As you might expect, I have a fairly-large collection of Shakespeare books. I have large scholarly tomes and children's retellings, modern Shakespearean fiction and Shakespeare biographies, critical editions of the plays and books on Shakespeare films.
But I don't have much that would count as rare or valuable—except one book: The first edition of the Macbeth illustrated by Salvador Dali. It's not in great condition, and it doesn't have the slipcase that originally accompanied it, but I picked it up at a bargain rate, and perhaps it will appreciate in value.
If it doesn't, that's fine—that's not the point. The point is that I will grow in my appreciation of it.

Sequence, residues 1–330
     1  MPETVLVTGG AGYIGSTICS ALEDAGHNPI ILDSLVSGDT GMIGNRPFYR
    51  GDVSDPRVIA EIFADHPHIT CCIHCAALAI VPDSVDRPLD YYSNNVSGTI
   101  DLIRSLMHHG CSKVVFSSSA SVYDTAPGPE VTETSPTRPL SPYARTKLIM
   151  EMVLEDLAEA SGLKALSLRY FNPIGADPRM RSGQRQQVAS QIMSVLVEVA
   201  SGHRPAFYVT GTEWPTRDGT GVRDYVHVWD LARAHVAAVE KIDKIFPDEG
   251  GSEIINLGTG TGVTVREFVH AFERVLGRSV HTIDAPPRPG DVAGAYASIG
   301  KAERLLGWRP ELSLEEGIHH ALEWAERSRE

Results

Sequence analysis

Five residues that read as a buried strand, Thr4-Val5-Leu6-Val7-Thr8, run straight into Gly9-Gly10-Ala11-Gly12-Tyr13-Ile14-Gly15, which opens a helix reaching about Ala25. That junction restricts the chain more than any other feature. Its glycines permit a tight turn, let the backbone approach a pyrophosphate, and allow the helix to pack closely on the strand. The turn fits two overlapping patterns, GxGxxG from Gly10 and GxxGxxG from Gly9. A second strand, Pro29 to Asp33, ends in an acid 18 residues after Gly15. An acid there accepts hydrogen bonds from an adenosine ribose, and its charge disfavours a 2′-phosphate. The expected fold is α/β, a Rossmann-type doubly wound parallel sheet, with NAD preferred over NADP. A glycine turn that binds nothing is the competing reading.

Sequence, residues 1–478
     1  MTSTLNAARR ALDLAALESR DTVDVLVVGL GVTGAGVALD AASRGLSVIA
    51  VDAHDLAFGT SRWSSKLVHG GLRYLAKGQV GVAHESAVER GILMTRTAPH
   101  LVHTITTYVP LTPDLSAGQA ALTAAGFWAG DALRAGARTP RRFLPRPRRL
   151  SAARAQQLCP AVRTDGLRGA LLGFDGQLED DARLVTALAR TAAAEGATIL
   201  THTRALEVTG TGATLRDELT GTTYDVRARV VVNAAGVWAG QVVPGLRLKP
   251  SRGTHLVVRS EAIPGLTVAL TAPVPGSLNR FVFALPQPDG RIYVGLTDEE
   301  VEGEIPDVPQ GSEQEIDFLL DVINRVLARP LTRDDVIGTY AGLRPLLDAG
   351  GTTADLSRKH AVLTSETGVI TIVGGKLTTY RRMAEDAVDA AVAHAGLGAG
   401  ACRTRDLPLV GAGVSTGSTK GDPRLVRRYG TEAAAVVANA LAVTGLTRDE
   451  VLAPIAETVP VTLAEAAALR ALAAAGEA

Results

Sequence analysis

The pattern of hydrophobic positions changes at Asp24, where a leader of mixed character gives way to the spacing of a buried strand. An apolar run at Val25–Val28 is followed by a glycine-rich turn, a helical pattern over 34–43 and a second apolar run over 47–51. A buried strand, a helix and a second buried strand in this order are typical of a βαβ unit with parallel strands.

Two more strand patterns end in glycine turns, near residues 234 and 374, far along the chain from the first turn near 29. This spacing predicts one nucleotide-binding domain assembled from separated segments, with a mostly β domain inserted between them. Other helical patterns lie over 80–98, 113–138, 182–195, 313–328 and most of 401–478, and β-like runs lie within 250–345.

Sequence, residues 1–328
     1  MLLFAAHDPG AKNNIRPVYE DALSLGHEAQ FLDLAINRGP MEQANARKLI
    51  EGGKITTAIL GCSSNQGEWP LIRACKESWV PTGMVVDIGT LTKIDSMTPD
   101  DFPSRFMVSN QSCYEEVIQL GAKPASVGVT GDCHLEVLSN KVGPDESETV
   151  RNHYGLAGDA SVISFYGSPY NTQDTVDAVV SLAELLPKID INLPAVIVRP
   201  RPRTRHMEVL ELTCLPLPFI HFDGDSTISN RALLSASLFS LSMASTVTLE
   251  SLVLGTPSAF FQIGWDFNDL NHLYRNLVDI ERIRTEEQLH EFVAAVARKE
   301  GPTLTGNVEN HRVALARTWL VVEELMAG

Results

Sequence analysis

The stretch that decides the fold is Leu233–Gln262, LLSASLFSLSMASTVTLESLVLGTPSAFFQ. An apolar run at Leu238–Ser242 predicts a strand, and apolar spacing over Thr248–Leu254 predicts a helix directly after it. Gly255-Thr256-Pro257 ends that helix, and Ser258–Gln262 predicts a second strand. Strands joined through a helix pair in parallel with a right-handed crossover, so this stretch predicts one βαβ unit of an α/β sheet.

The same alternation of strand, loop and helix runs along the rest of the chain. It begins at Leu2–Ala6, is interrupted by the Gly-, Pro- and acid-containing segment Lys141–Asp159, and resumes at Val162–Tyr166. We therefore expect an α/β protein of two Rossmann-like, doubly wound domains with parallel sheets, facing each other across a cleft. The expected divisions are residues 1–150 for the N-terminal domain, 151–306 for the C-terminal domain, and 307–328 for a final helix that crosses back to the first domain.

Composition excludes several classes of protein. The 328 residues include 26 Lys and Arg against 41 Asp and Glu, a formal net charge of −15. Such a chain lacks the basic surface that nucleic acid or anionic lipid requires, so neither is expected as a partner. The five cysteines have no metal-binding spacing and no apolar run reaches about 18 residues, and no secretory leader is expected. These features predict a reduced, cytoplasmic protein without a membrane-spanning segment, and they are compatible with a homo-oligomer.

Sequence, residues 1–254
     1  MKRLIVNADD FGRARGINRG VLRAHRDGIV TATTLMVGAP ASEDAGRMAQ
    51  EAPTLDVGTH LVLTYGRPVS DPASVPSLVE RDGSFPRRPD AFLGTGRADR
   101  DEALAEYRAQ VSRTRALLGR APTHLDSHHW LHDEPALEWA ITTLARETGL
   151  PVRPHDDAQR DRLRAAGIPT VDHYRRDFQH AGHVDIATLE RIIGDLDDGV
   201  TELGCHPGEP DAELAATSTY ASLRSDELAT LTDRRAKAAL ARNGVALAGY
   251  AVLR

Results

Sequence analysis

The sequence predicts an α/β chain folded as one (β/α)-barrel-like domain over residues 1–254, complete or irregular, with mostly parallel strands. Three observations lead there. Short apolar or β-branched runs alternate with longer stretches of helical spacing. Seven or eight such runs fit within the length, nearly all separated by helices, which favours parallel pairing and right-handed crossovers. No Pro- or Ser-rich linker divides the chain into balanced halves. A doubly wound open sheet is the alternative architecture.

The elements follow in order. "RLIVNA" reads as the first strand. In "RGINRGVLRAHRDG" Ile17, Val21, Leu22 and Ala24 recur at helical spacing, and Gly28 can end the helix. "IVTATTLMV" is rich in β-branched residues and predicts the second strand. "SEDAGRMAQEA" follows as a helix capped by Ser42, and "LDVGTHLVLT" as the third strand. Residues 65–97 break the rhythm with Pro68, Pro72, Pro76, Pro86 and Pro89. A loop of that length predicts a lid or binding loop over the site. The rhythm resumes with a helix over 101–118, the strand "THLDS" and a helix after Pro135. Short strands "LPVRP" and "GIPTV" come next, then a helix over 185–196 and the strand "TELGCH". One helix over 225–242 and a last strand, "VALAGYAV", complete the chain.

I don't dip into it too often, but my eye fell on it (insert King Lear joke here) as I was glancing over my shelves, and I decided to glance through it and give it a write-up here.
The illustrations seem to me to be typical of Dali—they're odd and unexpected . . . and they seem to pop right off the page into the viewer's face. Here, for example, is the illustration of the line about Duncan's horses eating each other:
And here's an illustration that goes with Macbeth's visit to the Weïrd Sisters in Act IV:
The illustrations are wild, interesting, and disturbing. They do seem to fit the play pretty well.
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